3. In Thailand, the king's birthday also serves as National Father's Day. The celebration includes fireworks, speeches, and acts of charity and honor—the most distinct being the donation of blood and the liberation of captive animals.

4. In 1950, after a Washington Post music critic gave Harry Truman's daughter Margaret's concert a negative review, the president came out swinging: "Some day I hope to meet you," he wrote. "When that happens you'll need a new nose, a lot of beefsteak for black eyes, and perhaps a supporter below!"

5. A.A. Milne created Winnie the Pooh for his son, Christopher Robin. Pooh was based on Robin's teddy bear, Edward, a gift Christopher had received for his first birthday, and on their father/son visits to the London Zoo, where the bear named Winnie was Christopher's favorite. Pooh comes from the name of Christopher's pet swan.

6. Kurt Vonnegut was (for a short time) Geraldo Rivera's father-in-law. Rivera's marriage to Edith Vonnegut ended in 1974 because of his womanizing. Her ever-protective father was quoted as saying, "If I see Gerry again, I'll spit in his face." He also included an unflattering character named Jerry Rivers (a chauffeur) in a few of his books.

7. Andre Agassi's father represented Iran in the 1948 and 1952 Olympics as a boxer.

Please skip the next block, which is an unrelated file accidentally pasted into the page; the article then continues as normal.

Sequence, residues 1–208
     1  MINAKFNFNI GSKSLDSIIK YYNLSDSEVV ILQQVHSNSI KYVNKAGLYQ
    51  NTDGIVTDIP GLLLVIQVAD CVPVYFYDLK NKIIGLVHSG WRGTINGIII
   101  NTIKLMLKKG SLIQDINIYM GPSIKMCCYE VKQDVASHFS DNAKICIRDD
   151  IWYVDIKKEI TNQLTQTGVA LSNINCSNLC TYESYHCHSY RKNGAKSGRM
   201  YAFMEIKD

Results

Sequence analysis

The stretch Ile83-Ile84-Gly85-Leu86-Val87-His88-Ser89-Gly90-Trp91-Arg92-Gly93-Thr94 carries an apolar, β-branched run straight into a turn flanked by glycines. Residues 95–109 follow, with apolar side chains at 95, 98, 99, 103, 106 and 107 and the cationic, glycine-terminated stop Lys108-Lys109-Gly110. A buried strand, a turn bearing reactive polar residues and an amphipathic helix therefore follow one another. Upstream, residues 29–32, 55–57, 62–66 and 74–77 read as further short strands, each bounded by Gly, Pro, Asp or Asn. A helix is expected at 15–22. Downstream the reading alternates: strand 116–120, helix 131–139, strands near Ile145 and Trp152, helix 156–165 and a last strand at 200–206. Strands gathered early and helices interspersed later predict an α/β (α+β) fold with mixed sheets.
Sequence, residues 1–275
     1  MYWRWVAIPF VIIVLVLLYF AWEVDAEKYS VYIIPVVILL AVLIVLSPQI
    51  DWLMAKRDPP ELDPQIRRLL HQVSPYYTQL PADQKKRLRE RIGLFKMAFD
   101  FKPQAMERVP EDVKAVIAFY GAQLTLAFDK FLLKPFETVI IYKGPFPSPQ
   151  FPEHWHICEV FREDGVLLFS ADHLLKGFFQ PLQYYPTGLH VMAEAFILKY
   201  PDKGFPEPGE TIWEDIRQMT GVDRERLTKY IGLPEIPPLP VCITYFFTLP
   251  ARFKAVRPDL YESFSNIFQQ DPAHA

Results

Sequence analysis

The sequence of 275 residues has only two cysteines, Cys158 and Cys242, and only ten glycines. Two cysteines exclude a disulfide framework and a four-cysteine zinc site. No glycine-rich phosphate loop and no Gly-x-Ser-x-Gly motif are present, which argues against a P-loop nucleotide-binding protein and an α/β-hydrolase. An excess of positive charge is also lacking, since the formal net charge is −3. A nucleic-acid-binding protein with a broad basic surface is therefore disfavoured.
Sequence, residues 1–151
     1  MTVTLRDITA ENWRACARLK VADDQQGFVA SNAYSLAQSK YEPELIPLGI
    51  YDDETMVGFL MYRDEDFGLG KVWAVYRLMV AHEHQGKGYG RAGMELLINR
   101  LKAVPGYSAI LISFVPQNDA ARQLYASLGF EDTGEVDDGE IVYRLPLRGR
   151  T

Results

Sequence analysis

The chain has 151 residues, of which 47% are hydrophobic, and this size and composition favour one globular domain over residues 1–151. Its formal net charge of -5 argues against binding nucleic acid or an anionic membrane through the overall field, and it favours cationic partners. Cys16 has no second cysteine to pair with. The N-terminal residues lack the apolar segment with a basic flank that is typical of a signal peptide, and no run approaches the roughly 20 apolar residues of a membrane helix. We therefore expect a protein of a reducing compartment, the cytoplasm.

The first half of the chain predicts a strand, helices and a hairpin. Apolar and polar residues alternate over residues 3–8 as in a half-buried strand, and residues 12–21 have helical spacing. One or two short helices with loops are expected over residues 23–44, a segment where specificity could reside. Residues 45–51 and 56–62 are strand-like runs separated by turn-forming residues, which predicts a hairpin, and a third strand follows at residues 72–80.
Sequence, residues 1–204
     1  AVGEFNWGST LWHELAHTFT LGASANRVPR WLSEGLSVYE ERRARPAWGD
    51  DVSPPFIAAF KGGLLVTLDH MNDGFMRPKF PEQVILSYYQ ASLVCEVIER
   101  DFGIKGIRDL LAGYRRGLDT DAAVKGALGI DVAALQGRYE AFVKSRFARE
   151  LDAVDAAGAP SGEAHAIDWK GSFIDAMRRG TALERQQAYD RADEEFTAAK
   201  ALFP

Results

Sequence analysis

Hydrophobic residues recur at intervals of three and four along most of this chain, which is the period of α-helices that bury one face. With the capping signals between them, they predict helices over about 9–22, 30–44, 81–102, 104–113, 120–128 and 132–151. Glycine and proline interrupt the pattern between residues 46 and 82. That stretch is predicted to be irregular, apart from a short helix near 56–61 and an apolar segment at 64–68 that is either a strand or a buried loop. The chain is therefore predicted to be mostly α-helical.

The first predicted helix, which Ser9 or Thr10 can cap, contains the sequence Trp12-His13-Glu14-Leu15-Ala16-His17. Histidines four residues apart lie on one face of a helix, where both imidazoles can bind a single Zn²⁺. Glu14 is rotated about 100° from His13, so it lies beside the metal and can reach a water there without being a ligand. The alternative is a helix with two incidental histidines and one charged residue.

8. Charlemagne, the 8th-century king of the Franks, united much of Western Europe through military campaigns and has been called the "king and father of Europe" [PDF]. Charlemagne was also a devoted dad to about 18 children, and today, most Europeans may be able to claim Charlemagne as their ancestor.

9. The voice of Papa Smurf, Don Messick, also provided the voice of Scooby-Doo, Ranger Smith on Yogi Bear, and Astro and RUDI on The Jetsons.

10. In 2001, Yuri Usachev, cosmonaut and commander of the International Space Station, received a talking picture frame from his 12-year-old daughter while in orbit. The gift was made possible by RadioShack, which filmed the presentation of the gift for a TV commercial.

11. The only father-daughter collaboration to hit the top spot on the Billboard pop music chart was the 1967 hit single "Something Stupid" by Frank & Nancy Sinatra.

12. In the underwater world of the seahorse, it's the male that gets to carry the eggs and birth the babies.

13. If show creator/producer Sherwood Schwartz had gotten his way, Gene Hackman would have portrayed the role of father Mike Brady on The Brady Bunch.

14. The Stevie Wonder song "Isn't She Lovely" is about his newborn daughter, Aisha. If you listen closely, you can hear Aisha crying during the song.

15. Dick Hoyt has pushed and pulled his son Rick, who has cerebral palsy, through hundreds of marathons and triathlons. Rick cannot speak, but using a custom-designed computer he has been able to communicate. They ran their first five-mile race together when Rick was in high school. When they were done, Rick sent his father this message: "Dad, when we were running, it felt like I wasn't disabled anymore!"